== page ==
* Regarding drug use in candidate eastern European countries, international drug statistics and the European Monitoring Centre for Drugs and Drug Addiction reported in 2003 that "While needle and syringe exchange programs (SEPs) have been implemented in all countries, only the Czech Republic reaches a substantial proportion (estimated at over 50 %) of drug injectors through a national network of SEPs and low-threshold projects, although in some countries, such as Slovenia, a reasonable level of coverage is achieved in some cities." Source: European Monitoring Centre for Drugs and Drug Addiction, "Annual Report 2003: The State of the Drugs Problem in the Acceding and Candidate Countries to the European Union" (Lisboa, Portugal: EMCDDA, 2003), p. 28.
Russian International Drug Statistics
* The UN reports that in the Russian Federation, "The widespread trafficking of cannabis continues unabated. The trafficking is fuelled by the fact that cannabis grows wild in a number of regions in Russia and so is readily available. Indeed, the Russian Federation and neighboring Kazakhstan contain the world’s largest areas of wild cannabis and the Russian authorities estimate that production of wild cannabis in Russia is around one million (1,000,000) hectares. Depending on the climate conditions, one hectare of cannabis may produce up to 1 million seeds with 5-8 years of reproduction cycle. The THC content of cannabis differs in different regions but tends not to exceed 5 percent. Since 1992, cannabis seizures steadily increased 8 times and reached 89.7 tons in 2004. However, seizures sharply decreased almost threefold in 2005 (30.6 tons) and continued to decrease in 2006 (23.7 tons)." Source: UNODC, "Illicit Drug Trends in the Russian Federation" (UNODC Regional Office for Russia and Belarus, April, 2008), p. 13.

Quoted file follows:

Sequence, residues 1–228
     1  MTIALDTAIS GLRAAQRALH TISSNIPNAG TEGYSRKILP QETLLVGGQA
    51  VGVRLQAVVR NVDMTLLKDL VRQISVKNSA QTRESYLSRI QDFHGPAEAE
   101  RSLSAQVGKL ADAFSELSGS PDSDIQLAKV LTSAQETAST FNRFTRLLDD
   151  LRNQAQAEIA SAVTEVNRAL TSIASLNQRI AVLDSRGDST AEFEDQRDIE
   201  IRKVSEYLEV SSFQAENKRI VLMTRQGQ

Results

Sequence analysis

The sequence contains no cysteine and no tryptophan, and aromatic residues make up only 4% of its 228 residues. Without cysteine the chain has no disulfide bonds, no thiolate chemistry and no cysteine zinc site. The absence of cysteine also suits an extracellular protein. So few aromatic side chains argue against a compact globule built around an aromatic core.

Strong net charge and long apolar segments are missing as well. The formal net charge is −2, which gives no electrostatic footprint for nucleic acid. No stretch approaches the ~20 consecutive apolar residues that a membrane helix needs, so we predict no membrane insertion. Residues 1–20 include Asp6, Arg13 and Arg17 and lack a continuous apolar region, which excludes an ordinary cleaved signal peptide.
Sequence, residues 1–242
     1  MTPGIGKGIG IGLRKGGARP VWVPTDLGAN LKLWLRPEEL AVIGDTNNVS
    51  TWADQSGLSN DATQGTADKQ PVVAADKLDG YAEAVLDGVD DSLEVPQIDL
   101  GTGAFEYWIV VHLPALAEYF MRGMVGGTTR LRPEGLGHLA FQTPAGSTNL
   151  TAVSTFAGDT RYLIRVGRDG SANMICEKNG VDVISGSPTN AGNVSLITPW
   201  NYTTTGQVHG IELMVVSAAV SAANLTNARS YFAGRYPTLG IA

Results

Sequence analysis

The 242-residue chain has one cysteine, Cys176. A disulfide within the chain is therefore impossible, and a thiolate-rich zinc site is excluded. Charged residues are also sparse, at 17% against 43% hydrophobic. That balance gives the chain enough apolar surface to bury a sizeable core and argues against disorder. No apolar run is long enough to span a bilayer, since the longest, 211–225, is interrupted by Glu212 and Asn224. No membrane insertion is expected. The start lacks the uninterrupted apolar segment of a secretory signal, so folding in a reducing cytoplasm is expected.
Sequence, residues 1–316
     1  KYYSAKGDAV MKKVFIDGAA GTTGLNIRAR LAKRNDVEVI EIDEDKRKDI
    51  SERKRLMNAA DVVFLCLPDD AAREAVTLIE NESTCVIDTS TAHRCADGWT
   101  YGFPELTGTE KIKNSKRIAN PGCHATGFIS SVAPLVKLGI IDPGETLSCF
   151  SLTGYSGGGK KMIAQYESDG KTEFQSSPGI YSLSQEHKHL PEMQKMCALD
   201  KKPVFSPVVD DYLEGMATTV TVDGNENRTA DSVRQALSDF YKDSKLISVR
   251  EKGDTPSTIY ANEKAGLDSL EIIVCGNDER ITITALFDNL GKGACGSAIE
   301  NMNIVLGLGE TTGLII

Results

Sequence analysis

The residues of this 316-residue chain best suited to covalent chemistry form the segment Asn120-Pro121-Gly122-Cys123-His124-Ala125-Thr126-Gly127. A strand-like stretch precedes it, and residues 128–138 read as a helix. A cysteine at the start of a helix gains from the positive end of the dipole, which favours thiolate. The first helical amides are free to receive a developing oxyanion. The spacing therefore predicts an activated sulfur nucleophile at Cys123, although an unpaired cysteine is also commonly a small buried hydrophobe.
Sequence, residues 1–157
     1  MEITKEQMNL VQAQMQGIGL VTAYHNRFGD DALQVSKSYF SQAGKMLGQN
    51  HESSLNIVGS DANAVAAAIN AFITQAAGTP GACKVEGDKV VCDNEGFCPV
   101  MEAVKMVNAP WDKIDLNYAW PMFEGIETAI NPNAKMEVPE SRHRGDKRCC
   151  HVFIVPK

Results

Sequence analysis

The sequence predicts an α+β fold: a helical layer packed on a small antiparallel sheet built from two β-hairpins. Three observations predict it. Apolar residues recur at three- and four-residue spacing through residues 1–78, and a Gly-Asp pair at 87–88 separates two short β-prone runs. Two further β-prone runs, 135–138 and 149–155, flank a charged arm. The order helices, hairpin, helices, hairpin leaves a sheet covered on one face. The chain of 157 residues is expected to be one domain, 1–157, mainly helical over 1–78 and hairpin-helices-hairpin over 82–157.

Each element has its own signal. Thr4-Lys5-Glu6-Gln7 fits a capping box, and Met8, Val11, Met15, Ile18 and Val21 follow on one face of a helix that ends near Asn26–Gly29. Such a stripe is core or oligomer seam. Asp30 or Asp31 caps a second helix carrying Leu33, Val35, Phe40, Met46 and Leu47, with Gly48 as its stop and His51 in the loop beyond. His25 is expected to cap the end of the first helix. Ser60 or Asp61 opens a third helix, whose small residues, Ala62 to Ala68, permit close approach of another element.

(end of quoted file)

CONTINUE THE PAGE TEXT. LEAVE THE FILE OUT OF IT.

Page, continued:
* With respect to the Russian Federation, the UN international drug statistics reports states, "In keeping with global trends, cannabis abuse still remains the “drug of choice” for the majority of abusers and seizures of cannabis rank first among the total volume of seized illicit drugs in Russia (more than 70 percent). Cannabis is abused by many people regardless of their income, education and social standing. Since 2002 the number of Cannabis abusers (19,211) has remained more or less stable and constitutes 22,528 addicts in 2006. There is an increase in the number of cases of cannabis cultivation in domestic green houses. The growing abuse of cannabis is at least in part fuelled by publications, films and internet sites which often promote the drug as 'safe' or 'soft'." Source: UNODC, "Illicit Drug Trends in the Russian Federation" (UNODC Regional Office for Russia and Belarus, April, 2008), p. 13.